CityHawk flying car set for first manned flight in 2021

CityHawk – a flying car with more cabin space than a helicopter and the footprint of a four-door sedan – is set for its first manned flights in 2021.


The vehicle is a hybrid-power, eVTOL Flying Car being developed by Metro Skyways, a subsidiary of Israel’s Urban Aeronautics.

According to the company’s schedule, the first manned flights in 2021-22 will be followed by full FAA (Federal Aviation Administration) certification.

With a range of 150km and top speed of 270km/h CityHawk will have the potential to carry up to six people – including the pilot – and be configured for emergency response, air taxi, or executive transportation.

CityHawk is based on the Cormorant, an unmanned aerial vehicle that has completed 250 flights and is being developed by Tactical Robotics, a second subsidiary of Urban Aeronautics.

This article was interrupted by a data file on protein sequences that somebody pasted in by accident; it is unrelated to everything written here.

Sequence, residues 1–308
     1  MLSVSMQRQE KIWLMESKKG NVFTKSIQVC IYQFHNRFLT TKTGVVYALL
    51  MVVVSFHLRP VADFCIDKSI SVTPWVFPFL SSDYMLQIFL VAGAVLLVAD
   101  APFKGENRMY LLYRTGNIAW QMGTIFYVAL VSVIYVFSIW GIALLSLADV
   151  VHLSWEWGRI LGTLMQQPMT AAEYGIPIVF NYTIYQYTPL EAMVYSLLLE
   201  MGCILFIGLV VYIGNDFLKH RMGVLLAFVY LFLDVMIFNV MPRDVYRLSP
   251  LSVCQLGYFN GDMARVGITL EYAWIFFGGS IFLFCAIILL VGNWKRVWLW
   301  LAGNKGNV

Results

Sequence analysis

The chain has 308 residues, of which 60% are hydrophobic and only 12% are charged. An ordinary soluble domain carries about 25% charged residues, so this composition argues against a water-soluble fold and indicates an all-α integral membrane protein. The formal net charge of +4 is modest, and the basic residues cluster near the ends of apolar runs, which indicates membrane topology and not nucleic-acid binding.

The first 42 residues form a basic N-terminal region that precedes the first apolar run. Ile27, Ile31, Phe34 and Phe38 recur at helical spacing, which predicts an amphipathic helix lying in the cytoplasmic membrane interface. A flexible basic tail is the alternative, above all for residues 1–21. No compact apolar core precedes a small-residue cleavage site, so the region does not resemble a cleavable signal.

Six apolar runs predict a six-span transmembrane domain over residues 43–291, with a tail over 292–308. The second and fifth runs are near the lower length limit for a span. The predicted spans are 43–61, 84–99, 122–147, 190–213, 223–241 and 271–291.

Unlike Cormorant, CityHawk will have a two-engine configuration to help conform with FAA requirements that stipulate the continuation of flight in the event of engine failure. CityHawk will also be able to deploy a ballistic parachute in the event of failure.

Initial development and testing of CityHawk will utilise two 1,000HP turboshaft engines coupled to electric power generators that will operate the vehicle’s horizontal propellers.

Once the FAA has issued a Type Certificate the company will transition the design of the main power supply for CityHawk to hydrogen propulsion. According to Urban Aeronautics, CityHawk will utilise hydrogen as current batteries are too heavy to power a compact, high occupancy aircraft.

Metro Skyways’ CityHawk is the first of two, hybrid powered, manned Fancraft planned for development.  The second, Falcon XP, is the company’s jumbo-sized Fancraft that will have room for 14 occupants, including the pilot.

In both variants, the vehicle’s rotors are internal to the fuselage, achieving what Urban Aeronautics claims is ‘unmatched safety to ground personnel and unparalleled noise reduction resulting in an acoustic footprint equivalent to that of a passing by car.’